Sponsored by Nave DWI Defense Attorneys

When: April 1, 2016
Where: Albany Law School, Matthew Bender Room
Duration: 12:00 to 4:00PM
Parking: Passes will be provided

We have invited a diverse group of practitioners and academics to speak at the first Criminal Law Symposium sponsored by Nave DWI Defense Attorneys. Please mark your calendars accordingly to ensure a good turnout. The presenters, experts in the area they are speaking about, have graciously agreed to do this gratis. Their commendable common goal is to help improve the skills of the defense bar, particularly younger attorneys breaking into trial work, but also more seasoned attorneys looking to hone skills. Thank you for your interest and support and we look forward to seeing you on April 1st. Below are the bios of our presenters.

Vincent M. Bonventre

Professor of law
(Constitutional Issues)

B.S., Union College
J.D., Brooklyn Law School
M.A.P.A., University of Virginia
Ph.D., University of Virginia

Clerked for Judges Matthew J. Jasen and Stewart F. Hancock Jr. of the New York State Court of Appeals. Held U.S. Supreme Court Judicial Fellowship. Served in U.S. Army Military Intelligence and Judge Advocate General’s Corps. Joined Albany Law School in 1990. Has taught as a visiting professor at Syracuse University College of Law and the Maxwell School of Public Affairs. Author of “Streams of Tendency” on the New York Court: Ideological and Jurisprudential Patterns in the Judges’ Voting and Opinions (W.S. Hein). Published recent articles on judicial decision making, state constitutional law, criminal and civil rights, legal ethics, and New York Court of Appeals. Founding editor-in-chief, Government, Law, & Policy Journal (New York State Bar Association). Editor, State Constitutional Commentary and director, The Center for Judicial Process.

Prof. Bonventre is also the author of New York Court Watcher, a blog devoted to commentary on developments at the Supreme Court, the New York Court of Appeals, and other state supreme courts nationwide. And he is the founder and Director of the Center for Judicial Process.

Many of his publications can be accessed at SSRN.​

Robert G. Wells, Esq.


Robert G. Wells is a federal criminal defense practitioner with over thirty-eight years of experience in the United States District Courts and Second Circuit Court of Appeals, as well as in all levels of State Courts. He was trained at Gerry Spence’s Trial Lawyers College. He is First Vice-President of the New York State Association of Criminal Defense Lawyers. He is a member of the NYSACDL Board of Directors, Executive Committee, and the CLE Committee. He is a member of NACDL. He has acted as an instructor for the United States Courts teaching lawyers in San Francisco, Dallas, Los Angeles, Portland, Chicago and Atlanta. He has taught for the New York State Association of Criminal Defense Lawyers on matters ranging from Sentencing, Direct Examination and Cross Examination, Voir Dire, along with Electronic Evidence Presentation. He has instructed for the FBI and the Board of Certified Fraud Examiners. He has delivered the only acquittal in the United States District Court for the Northern District of New York on an indicted environmental case in the last thirty years. Mr. Wells is also published in Atticus Magazine.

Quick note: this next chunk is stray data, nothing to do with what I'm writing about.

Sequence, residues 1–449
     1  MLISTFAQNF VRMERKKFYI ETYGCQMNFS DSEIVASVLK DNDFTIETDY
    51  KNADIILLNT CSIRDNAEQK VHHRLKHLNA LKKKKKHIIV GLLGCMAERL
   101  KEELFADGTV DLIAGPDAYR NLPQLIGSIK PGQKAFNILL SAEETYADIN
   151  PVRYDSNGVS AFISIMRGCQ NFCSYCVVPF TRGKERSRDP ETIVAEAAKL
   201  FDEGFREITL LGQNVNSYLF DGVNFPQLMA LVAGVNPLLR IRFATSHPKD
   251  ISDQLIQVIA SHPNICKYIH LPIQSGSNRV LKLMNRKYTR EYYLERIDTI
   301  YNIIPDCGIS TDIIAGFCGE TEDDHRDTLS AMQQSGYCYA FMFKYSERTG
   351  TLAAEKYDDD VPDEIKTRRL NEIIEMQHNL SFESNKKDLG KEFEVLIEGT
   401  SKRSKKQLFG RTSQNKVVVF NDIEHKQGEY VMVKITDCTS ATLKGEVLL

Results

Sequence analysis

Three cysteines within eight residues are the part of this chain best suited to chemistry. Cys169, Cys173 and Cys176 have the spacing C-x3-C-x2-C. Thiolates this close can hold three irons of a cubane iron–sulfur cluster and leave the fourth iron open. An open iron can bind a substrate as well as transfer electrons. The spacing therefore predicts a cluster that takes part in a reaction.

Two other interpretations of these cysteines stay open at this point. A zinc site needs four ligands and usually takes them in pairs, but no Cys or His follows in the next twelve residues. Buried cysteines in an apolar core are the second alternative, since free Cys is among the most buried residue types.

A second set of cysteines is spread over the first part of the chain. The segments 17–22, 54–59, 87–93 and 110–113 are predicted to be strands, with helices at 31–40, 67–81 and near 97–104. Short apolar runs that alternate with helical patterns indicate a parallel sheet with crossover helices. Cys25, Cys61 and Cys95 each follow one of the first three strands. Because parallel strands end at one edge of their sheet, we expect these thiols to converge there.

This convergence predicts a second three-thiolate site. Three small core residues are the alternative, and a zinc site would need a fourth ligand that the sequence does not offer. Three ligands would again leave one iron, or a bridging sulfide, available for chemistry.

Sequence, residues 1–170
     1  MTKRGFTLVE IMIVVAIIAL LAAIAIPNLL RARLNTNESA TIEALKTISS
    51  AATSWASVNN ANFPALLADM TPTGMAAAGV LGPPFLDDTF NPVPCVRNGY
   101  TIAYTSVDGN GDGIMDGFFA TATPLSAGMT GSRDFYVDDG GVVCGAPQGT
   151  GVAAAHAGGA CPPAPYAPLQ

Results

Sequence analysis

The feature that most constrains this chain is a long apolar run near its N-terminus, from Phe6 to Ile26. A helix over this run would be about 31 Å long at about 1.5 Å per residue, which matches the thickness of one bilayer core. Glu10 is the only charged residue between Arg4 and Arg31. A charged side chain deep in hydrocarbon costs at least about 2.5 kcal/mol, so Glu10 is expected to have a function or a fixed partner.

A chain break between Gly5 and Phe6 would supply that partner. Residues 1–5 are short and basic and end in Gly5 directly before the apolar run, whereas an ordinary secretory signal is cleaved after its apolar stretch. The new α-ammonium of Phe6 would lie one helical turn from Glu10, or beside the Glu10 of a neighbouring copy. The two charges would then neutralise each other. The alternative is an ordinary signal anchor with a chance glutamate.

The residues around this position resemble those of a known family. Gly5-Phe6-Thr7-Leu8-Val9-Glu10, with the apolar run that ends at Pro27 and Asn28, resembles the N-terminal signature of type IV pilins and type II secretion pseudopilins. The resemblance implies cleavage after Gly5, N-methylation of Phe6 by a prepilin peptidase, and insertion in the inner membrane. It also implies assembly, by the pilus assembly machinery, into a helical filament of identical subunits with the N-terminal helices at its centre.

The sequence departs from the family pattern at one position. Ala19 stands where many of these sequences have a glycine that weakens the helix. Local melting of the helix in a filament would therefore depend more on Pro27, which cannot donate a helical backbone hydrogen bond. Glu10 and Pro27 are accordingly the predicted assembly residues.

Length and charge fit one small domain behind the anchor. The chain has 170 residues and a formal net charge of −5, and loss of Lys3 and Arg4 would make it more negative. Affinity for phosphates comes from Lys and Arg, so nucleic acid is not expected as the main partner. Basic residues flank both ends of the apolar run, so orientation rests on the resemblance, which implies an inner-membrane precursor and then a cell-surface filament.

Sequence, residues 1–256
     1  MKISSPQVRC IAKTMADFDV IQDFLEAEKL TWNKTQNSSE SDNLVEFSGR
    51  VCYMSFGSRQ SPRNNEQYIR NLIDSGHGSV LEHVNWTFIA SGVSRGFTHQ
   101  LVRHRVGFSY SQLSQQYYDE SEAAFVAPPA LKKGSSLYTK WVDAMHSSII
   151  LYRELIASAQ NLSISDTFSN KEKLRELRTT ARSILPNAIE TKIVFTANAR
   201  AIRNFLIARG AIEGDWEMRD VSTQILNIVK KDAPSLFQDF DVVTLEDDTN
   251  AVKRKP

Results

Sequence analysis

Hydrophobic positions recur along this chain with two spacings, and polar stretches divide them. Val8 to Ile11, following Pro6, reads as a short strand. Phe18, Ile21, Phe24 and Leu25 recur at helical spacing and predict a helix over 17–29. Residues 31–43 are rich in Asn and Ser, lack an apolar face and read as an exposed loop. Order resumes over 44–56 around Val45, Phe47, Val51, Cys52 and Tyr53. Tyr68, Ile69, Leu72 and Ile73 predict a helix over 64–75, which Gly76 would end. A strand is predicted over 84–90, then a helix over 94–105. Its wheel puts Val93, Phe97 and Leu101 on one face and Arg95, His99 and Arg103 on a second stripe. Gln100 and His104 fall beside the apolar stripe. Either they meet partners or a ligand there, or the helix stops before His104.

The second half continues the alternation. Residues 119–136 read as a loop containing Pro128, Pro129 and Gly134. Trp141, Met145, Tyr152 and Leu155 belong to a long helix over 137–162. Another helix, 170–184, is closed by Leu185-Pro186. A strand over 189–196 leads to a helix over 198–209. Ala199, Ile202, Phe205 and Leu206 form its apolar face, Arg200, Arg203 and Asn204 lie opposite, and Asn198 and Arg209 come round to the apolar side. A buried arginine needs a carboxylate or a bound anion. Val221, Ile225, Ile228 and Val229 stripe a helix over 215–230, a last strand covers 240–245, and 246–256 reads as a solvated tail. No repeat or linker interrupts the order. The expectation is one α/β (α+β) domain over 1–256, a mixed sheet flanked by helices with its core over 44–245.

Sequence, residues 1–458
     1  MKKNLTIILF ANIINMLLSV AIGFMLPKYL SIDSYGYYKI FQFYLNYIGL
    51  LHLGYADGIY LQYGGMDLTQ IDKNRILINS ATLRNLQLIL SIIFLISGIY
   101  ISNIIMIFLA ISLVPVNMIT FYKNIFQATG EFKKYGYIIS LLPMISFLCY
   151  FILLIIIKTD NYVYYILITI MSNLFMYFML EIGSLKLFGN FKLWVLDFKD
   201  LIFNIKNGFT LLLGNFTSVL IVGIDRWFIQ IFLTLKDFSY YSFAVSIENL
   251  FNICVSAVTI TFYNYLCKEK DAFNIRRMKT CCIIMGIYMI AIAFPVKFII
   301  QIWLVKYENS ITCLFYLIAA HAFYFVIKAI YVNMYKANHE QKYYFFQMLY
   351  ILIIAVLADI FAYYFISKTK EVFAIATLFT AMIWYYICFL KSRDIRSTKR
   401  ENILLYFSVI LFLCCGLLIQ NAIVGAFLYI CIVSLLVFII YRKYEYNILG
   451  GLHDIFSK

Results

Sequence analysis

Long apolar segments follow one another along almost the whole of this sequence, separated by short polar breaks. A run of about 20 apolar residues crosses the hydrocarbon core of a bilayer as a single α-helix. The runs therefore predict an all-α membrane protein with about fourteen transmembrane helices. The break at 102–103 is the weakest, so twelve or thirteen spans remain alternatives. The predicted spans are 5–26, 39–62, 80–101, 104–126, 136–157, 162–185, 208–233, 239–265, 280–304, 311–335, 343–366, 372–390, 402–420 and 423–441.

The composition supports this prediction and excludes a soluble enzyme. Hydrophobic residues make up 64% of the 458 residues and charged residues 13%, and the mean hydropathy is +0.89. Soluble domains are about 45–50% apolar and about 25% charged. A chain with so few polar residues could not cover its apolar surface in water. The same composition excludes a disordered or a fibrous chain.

Mitch Kessler, Esq.

(Appellate Practice-Preserving issues for appeal)

Mitch Kessler received his Juris Doctor degree from Boston College Law School in 1989. For the first five years of his legal career, he was a staff attorney in the Bronx office of the Legal Aid Society’s Juvenile Rights Division, where he represented children in child abuse and neglect, juvenile delinquency and persons in need of supervision (PINS) cases in Family Court.

Since the beginning of 1995, Mr. Kessler has been in private practice as a sole practitioner. He has extensive experience litigating criminal cases in trial and appellate courts at the state and federal levels.

During his career, Mr. Kessler has litigated approximately 300 cases in appellate courts. He has briefed and argued more than 100 appeals from trial verdicts in criminal cases, about two dozen of which have been murder cases. He has been a lecturer in continuing legal education programs on appellate practice and juvenile delinquency practice.